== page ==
Ego atrophy in substance abuse: Addiction from a socio-cultural perspective

James Fine, Samuel Juni

Research output: Contribution to journalReview articlepeer-review


The use of intoxicants is indexed in American history adopting a social perspective of the role of alcoholism in traditional American society. Appealing to societal patterns, the elaboration of substance abuse as a disease is explored with a diagnostic focus on intervention as it relates to pathogenesis. Using clinical vignettes, the ego is proposed as the focus of pathology in the addiction process, featuring a regression to the defenses of projection and denial. Following the model proposed in Zinberg's seminal paper on addiction and ego function, various deficits are annotated that typify such regression. The ultimate clinical picture is one of ego atrophy, where basic interests and object relations are usurped by the all-consuming preoccupation with the substance of abuse.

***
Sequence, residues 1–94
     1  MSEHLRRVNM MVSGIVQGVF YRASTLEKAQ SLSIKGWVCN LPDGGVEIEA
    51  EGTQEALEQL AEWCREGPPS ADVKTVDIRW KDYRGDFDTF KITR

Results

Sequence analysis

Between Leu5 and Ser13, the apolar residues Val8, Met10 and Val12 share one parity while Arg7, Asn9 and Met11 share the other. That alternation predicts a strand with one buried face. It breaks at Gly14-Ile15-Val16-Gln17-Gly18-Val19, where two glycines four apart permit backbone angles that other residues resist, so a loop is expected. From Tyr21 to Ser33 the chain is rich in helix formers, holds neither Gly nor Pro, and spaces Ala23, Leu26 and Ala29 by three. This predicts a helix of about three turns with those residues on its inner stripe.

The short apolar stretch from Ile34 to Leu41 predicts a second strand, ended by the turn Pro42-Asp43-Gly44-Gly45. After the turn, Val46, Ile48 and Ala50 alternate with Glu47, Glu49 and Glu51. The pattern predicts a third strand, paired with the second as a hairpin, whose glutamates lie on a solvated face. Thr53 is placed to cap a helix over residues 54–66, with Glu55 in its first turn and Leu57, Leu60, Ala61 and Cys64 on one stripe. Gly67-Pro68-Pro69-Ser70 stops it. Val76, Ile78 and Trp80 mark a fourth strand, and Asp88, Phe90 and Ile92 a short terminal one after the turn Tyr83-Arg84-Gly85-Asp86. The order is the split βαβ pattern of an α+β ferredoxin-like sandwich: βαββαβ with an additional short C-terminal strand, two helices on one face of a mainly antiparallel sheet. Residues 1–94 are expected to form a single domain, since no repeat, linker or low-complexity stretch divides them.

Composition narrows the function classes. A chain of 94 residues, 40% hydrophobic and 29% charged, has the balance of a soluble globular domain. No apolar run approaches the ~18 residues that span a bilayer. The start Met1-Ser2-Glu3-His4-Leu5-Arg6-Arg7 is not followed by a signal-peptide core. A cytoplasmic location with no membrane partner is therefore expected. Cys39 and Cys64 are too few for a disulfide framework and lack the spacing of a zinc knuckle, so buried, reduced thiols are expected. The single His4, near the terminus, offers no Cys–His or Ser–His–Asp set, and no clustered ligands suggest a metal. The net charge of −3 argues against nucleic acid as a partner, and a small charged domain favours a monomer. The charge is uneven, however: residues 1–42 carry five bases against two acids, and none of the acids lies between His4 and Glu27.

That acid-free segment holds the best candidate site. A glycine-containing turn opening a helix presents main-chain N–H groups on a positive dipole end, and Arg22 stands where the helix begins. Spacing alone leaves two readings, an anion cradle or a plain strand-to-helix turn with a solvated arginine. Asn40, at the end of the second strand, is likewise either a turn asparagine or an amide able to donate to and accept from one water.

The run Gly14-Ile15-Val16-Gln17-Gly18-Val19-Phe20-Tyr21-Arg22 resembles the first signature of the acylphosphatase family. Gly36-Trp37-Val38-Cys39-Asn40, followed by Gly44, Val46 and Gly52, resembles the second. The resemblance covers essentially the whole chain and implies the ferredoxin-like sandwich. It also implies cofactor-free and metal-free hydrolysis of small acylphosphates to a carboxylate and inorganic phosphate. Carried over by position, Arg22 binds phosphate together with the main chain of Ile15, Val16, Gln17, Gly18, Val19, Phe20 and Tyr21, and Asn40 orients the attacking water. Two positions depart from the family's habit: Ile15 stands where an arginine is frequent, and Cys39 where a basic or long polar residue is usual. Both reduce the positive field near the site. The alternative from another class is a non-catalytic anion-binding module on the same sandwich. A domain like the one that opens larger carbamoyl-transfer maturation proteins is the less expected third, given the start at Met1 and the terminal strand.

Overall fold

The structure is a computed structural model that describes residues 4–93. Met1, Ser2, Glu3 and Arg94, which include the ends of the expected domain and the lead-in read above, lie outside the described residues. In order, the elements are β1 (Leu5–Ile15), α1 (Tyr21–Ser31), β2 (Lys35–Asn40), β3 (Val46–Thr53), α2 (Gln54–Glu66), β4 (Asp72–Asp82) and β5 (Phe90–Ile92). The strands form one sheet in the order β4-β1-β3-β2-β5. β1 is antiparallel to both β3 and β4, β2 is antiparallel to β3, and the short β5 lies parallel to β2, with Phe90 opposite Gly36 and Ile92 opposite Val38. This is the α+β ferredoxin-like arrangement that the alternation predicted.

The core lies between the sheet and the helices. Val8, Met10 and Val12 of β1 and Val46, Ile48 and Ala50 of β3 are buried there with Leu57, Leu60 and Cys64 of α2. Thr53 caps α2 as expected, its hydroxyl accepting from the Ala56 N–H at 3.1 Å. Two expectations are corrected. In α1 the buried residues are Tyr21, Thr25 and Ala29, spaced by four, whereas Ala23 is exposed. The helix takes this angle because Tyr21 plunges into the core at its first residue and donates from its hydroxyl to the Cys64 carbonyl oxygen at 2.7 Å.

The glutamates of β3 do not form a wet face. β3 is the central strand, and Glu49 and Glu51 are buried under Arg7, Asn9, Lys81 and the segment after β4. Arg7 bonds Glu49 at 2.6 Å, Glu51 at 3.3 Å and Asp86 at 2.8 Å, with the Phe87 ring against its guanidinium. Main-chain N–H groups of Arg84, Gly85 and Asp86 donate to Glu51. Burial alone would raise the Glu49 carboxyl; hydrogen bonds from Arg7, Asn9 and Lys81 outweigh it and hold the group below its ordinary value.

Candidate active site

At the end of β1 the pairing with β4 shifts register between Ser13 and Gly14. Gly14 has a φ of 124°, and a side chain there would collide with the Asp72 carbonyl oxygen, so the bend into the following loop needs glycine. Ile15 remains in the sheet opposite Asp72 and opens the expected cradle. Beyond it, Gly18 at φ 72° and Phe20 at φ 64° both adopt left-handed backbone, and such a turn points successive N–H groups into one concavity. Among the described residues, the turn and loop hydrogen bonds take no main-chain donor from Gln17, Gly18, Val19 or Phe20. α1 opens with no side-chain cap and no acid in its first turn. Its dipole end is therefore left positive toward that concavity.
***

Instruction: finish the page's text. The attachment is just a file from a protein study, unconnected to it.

Original languageEnglish (US)
Pages (from-to)293-304
Number of pages12
JournalAmerican Journal of Psychoanalysis
Issue number3
StatePublished - 2001


  • Addiction
  • Defense mechanisms
  • Disease
  • Ego
  • Pathogenesis

ASJC Scopus subject areas

  • Clinical Psychology
  • Psychiatry and Mental health


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